We noticed that leak detector tends to complain during application shutdown in the midst of a
Timer::callAfterDelay() call. In our case we passed a shared_ptr captured by value into the lambda function. It seemed like the shared_ptr just doesn’t get released by the time the TimerThread gets destroyed.
A closer look into
juce_Timer.cpp reveals that under the hood
Timer::callAfterDelay() creates a
LambdaInvoker as a raw pointer and just discards it! I looked further and felt a bit assured that
LambdaInvoker adds itself to
TimerThread::timer. However, that vector of Timers “alive” just never seem to get properly released in
LambdaInvoker::timerCallback has never been invoked until shutdown.
I tried changing
TimerThread::~TimerThread() to the following and it seems to fix the leaks:
jassert (instance == this || instance == nullptr);
while (! timers.empty())
if (instance == this)
instance = nullptr;
The lambdaInvoker gets deleted in its callback, if the callback is never triggered then I imagine there would be a leak. What are you using the LambdaInvoker for? I think it was probably built on the assumption that in 99.9% cases (or more) the callback would be called and the object deleted, and in the 0.1% where it’s not, the cost would be small and only happen when the application is shutting down and therefore the memory should be freed up for another application anyway. I’m not saying it couldn’t be improved but I’m interested to understand in what case it would be regularly leaking?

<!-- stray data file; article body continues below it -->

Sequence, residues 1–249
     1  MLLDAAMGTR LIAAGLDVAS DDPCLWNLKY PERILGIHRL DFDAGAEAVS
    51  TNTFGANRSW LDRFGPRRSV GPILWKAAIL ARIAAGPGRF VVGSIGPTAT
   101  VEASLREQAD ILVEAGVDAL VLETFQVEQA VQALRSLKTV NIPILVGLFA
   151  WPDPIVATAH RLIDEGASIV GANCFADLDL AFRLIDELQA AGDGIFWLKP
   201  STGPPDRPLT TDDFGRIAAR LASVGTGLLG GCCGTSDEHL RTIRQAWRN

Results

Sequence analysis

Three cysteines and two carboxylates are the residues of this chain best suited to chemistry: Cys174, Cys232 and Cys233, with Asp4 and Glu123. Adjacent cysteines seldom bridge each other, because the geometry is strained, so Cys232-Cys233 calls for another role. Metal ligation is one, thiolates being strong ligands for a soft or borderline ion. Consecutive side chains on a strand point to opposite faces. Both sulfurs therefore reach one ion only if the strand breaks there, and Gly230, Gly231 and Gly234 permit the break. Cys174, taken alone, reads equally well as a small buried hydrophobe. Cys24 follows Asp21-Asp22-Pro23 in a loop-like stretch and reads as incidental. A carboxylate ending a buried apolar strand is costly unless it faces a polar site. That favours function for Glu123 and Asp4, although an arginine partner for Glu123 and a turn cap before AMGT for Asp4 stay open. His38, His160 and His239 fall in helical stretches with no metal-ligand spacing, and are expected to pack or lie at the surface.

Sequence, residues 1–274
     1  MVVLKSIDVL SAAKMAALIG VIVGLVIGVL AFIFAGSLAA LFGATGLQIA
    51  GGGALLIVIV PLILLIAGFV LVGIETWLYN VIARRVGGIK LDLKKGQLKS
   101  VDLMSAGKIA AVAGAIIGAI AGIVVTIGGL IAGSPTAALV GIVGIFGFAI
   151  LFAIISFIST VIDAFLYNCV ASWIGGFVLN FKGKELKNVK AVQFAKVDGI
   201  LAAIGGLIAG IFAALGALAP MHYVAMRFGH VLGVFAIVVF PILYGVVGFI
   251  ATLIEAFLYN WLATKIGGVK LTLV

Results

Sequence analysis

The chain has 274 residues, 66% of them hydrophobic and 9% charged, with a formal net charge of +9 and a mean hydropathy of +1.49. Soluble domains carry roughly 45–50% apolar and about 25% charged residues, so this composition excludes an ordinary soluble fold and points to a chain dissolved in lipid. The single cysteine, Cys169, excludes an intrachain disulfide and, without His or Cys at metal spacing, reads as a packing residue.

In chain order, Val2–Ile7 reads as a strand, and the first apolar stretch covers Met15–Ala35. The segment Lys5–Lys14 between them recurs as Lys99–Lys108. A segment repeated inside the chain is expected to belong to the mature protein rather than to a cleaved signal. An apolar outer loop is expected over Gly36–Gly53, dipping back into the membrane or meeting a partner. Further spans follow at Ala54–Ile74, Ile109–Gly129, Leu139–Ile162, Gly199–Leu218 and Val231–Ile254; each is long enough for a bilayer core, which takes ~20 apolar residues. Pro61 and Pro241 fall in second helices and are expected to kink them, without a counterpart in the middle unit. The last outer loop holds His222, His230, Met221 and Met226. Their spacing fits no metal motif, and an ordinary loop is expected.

struct LambdaInvoker final : private Timer
LambdaInvoker (int milliseconds, std::function<void()> f) : function (f)
void timerCallback() override
auto f = function;
void JUCE_CALLTYPE Timer::callAfterDelay (int milliseconds, std::function<void()> f)
new LambdaInvoker (milliseconds, f);
Timer::callAfterDelay(). Now, if there’s a script that regularly calls setTimeout, it almost always triggers a memory leak during shutdown. Honestly not a big issue at all in release builds, but it’s more of a nuisance during debugging.